This month we’ve taken on a challenge – one that involves blogging through the alphabet. Did you miss a letter? Catch up now.
Not only does honey taste good but it can be good for you too. It has helped all of us with our seasonal allergies. This only works with local honey because you need the bee pollen to be from local plants.
Honey contains bits and pieces of pollen and honey, and as an immune system booster, it is quite powerful. Allergies arise from continuous over-exposure to the same allergens. If, for example, you live in an area where there is a great deal of red clover growing, and if in addition you often feed red clover hay to your own horses or cattle, then it likely you are exposed over and over to pollen from this same red clover. Honeybees will collect pollen from each of these species and it will be present in small amounts in honey that was gathered by bees that were working areas where these species are growing. When people living in these same areas eat honey that was produced in that environment, the honey will often act as an immune booster. The good effects of this local honey are best when the honey is taken a little bit (a couple of teaspoons-full) a day for several months prior to the pollen season.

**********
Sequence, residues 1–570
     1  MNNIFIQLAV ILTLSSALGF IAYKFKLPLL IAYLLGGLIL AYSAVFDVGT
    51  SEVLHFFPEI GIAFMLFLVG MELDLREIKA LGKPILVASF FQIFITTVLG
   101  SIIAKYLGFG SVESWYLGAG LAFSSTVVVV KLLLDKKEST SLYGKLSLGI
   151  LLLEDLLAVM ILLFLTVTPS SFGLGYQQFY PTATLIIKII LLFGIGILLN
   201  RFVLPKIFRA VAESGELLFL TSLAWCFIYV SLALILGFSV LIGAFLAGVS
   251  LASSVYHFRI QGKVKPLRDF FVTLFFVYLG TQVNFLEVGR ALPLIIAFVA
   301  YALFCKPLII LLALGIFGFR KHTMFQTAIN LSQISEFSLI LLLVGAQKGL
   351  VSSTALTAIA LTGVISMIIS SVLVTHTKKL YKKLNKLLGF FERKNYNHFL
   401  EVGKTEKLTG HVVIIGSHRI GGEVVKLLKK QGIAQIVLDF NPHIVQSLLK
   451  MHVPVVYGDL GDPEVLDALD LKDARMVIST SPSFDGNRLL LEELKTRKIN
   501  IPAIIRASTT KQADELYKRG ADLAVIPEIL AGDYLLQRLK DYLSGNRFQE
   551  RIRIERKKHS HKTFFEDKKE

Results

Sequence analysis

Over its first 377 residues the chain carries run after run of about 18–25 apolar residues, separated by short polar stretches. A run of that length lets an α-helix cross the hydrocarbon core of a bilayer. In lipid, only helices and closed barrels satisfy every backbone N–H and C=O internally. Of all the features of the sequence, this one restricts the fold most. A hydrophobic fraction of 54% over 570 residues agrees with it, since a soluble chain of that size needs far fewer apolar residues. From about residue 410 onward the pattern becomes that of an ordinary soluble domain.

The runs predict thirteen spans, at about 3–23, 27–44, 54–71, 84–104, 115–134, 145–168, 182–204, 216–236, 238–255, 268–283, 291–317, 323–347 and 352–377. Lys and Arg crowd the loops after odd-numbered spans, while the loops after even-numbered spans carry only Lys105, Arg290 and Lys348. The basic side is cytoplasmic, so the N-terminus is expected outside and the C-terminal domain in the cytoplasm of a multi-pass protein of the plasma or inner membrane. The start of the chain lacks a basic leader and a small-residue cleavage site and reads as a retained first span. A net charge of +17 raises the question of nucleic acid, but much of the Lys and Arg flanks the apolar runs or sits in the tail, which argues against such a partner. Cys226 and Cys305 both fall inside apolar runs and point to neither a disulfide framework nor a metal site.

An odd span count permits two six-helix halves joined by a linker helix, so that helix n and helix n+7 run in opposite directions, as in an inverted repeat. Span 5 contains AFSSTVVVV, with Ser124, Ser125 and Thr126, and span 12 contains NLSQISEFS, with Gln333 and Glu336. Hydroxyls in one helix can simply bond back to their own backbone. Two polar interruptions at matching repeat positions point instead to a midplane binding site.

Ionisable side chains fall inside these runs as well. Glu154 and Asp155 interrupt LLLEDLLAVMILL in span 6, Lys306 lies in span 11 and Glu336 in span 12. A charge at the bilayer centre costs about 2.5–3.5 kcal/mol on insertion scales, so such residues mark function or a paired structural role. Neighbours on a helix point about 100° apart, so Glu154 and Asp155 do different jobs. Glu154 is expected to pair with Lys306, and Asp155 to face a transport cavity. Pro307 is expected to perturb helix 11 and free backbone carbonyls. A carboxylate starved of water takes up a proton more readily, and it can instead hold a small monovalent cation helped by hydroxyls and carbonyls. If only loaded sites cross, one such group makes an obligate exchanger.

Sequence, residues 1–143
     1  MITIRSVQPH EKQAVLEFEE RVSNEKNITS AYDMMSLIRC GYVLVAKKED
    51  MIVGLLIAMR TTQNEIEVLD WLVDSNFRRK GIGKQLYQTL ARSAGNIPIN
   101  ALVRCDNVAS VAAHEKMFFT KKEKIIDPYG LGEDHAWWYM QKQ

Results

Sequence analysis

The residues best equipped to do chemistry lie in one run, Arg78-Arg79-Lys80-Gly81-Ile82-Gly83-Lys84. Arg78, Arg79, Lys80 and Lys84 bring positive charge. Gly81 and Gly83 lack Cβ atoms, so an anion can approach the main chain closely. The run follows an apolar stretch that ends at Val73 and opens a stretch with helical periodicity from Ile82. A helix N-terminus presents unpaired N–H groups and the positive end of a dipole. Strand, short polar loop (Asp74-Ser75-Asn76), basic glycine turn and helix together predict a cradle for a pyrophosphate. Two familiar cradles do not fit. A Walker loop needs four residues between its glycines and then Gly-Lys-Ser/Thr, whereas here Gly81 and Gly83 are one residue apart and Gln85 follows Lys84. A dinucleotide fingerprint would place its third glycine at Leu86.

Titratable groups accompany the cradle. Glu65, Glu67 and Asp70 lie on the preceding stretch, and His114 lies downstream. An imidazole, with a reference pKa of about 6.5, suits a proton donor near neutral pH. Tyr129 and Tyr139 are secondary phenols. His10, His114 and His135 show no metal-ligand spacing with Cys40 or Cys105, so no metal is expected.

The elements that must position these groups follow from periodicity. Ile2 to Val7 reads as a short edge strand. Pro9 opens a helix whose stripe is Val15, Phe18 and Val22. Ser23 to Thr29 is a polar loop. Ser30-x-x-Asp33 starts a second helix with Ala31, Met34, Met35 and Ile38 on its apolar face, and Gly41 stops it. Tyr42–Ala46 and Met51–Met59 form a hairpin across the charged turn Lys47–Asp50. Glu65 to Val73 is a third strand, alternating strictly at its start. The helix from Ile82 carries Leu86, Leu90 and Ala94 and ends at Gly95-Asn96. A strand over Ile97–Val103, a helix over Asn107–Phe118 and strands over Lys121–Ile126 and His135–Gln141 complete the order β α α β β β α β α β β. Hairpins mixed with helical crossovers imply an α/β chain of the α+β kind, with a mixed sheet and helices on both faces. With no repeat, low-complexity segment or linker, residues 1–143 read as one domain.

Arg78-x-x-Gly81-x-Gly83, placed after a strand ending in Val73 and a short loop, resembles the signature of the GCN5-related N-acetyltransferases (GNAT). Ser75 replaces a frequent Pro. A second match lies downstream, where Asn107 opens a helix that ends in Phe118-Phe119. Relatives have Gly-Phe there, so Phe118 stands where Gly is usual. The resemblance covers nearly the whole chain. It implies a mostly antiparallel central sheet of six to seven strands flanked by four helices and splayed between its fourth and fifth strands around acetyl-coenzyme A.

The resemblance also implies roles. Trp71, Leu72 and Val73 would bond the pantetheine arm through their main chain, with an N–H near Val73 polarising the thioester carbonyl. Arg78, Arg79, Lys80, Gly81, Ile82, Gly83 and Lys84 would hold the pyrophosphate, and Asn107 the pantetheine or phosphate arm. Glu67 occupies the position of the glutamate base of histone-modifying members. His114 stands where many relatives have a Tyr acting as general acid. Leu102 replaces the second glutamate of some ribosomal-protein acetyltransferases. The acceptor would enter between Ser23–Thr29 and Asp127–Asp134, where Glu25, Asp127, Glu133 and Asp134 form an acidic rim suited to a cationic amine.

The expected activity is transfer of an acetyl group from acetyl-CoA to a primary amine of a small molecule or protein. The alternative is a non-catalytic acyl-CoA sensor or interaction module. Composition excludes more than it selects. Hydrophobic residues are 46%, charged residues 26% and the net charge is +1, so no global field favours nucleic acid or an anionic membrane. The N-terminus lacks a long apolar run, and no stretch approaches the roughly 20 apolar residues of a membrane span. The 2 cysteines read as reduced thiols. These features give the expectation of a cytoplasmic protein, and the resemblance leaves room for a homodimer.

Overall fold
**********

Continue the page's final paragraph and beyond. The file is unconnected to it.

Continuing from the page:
Some recent research has also shown that honey may help to enhance immune function (which lends support for the tradition of putting honey in tea for a sore throat), and may even promote better blood sugar control in comparison to other caloric sweeteners. The benefits of honey are not strictly dietary; applying honey to a superficial minor wound or burn also may help promote a quicker healing process.
Do you use honey as a sweetener?